Homeward

In which I find myself on a teeny-tiny plane heading back to Cape Town. This is no A380.
It’s actually an Express Jet CRJ200.

And that’s twice as good as a CRJ100. So it’s not all bad news.

Tomorrow’s post will bring photos. As will the following thirty-seven posts, because I took loads and loads.

Right. Now let’s see if this thing can actually fly…

Jet waves

More from Facebook, and from my favourite group thereon, previously mentioned here.

Here’s an image shared to the group by one of its members.

Given the geographical position of the island in question, together with the profile of the aircraft, it’s most likely to be a 777 going from somewhere in Western Europe to somewhere in the USA.

But this is just a post from a guy who has spotted the plane going overhead, pointed his camera heavenward and pressed a button. It doesn’t matter where the plane is going from or heading to. We don’t need to know: the strength of this image is its sheer simplicity

But then, there’s always one, isn’t there? Because in the comments below, this:

I must admit that I hadn’t even considered this aspect of the situation.

The picture was ok. Look, I wasn’t hugely impressed with it, but it was ok. Just nice. And, being me, I had thought a bit about the type of plane and its likely journey. But as I mentioned above, that’s not what matters. And I was inadvertently right.

Because what actually really matters are the jet waves polluting our sky. Yeh?

Air travel isn’t the cleanest form of transport. It’s getting there, with the all new A350-10 series belching a whole 25% less carbon dioxide than its predecessor and such, but putting couple of hundred tonnes of aluminium and suitcases 10kms up into the sky and then moving it several thousand kilometres is always going to be a fuel intensive process. I knew that. But I hadn’t thought about the jet waves, polluting our sky. And I’m sure I wasn’t alone in this. Because no-one ever thinks about the jet waves, do they?

And yet, there they go. Those jet waves. Polluting our sky.

On voting

When the UK PM called a general election recently, I spotted this line on Facebook:

Please god let the “great” British public stay in bed and let the rest of us make a sensible decision.

…which, you know, is a bit demeaning to a lot of people who might not happen to share the same point of view as you do.

The individual in question voted Labour in the last election (they lost) and voted to remain in the EU in the recent referendum (that side also lost). Since then, that person’s timeline has been a cascade of anti-Conservative (they won) and anti-Brexit (also a winner) stories and articles.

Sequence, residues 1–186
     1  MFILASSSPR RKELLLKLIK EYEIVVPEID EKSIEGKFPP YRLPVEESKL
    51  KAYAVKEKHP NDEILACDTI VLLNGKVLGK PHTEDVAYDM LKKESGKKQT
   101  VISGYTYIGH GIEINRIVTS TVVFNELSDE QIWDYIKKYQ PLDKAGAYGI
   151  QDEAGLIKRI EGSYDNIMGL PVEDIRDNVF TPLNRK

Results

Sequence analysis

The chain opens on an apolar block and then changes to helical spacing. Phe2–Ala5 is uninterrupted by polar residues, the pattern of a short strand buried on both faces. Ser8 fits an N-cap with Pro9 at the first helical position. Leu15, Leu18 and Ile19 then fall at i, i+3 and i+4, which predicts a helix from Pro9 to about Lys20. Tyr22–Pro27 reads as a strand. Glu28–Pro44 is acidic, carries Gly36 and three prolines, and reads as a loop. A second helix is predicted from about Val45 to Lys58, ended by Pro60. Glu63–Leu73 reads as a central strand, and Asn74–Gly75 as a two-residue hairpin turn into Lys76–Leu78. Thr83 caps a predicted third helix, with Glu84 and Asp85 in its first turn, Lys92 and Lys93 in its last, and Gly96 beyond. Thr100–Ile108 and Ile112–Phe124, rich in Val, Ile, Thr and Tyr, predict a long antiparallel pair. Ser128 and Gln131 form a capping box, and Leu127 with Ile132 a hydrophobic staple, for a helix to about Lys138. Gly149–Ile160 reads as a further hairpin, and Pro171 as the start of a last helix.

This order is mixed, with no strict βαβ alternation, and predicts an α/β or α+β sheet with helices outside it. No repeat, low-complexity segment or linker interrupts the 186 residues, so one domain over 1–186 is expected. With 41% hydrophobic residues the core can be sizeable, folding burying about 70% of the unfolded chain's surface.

And that’s fine. Each to their own.

Really, my only problem comes when “Remainers” protest about the steps that the Government have taken towards the UK leaving the EU. Yes, the referendum was a close run thing, and there are probably lessons that we could learn from that when running future referendums, but it still finished 52-48. That means that a majority of people voted to leave the EU, and thus, the Government should be taking steps to do so. That’s what referendums are for. That’s how they work.

Look, I’m sorry for you that there weren’t enough people sharing your point of view to swing the vote in the way that you wanted. Democracy can be a real bummer when more people vote the other way.

But then imagine, if you will, that the Remain vote had won 52-48 (or whatever). If more people had voted to keep the UK in the EU. Imagine then that the UK Government had ignored that majority and gone ahead with Brexit anyway.

Pandemonium! And rightly so!

Having asked the question and got the answer, how could the powers that be drive their fat political steam roller over the wishes of the British people?

And yet that’s exactly what you’re demanding must happen, simply because the result didn’t go your way. Simply because “the ‘great’ British public” chose to wake up that day and spoke their mind.

No. It’s entirely reasonable that the Government do what the majority of the public demand. Whether you like the decision or the Government or not.

But I find this idea that your side holds some sort of intellectual or moral high ground over the other simply because the viewpoints don’t agree is rather pompous and actually counterproductive. Some people argue that it’s one factor as to why Trump won the US election.

But to be honest, for me, it’s less about the collective effect of these sorts of protest (which has been negligible anyway) and more about me finding out a bit more about people I know on Facebook. And that’s no bad thing either.